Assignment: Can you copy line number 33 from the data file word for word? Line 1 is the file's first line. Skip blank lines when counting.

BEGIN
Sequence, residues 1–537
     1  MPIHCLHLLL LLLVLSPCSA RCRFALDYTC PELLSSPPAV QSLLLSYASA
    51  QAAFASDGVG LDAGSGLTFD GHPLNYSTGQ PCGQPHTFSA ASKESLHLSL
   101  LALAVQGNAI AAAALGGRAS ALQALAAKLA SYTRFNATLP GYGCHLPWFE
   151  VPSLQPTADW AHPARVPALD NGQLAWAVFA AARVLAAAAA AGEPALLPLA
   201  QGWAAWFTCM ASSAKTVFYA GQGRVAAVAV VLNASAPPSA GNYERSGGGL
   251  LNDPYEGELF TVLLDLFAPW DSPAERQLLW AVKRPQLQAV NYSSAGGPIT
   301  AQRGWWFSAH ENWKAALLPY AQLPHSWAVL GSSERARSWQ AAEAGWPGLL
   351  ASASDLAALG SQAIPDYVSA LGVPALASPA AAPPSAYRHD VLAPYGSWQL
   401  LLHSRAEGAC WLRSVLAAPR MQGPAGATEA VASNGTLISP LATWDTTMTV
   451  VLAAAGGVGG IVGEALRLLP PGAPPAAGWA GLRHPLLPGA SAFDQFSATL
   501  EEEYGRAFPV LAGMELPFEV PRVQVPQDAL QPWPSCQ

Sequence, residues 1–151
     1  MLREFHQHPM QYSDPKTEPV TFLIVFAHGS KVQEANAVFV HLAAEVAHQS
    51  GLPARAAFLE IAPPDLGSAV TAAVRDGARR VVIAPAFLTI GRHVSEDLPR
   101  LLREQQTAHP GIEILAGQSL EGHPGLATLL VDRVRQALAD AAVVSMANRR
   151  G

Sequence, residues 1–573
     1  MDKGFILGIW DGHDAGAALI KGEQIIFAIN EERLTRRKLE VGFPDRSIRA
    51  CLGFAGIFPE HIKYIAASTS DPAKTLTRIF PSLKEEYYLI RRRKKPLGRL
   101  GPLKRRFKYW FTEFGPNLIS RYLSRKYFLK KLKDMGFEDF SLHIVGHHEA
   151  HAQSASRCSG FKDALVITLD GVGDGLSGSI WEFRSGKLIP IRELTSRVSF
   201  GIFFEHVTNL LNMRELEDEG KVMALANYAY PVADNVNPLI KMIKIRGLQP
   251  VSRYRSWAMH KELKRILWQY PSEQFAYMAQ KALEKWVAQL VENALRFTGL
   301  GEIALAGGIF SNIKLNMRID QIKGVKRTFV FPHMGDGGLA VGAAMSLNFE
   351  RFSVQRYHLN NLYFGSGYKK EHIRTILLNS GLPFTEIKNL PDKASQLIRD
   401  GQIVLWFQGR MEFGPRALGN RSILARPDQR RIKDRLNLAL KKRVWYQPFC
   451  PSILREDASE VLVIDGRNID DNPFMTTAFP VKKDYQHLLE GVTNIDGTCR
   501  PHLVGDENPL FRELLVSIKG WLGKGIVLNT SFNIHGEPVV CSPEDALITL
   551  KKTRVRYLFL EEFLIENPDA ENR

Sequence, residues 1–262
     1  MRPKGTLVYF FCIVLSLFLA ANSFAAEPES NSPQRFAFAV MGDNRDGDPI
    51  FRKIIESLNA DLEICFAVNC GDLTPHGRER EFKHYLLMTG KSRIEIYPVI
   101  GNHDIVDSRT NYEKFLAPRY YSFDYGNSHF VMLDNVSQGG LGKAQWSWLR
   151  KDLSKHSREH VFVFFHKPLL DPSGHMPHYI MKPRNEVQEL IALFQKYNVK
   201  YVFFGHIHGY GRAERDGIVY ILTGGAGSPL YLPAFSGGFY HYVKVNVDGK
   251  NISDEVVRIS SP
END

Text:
    51  FRKIIESLNA DLEICFAVNC GDLTPHGRER EFKHYLLMTG KSRIEIYPVI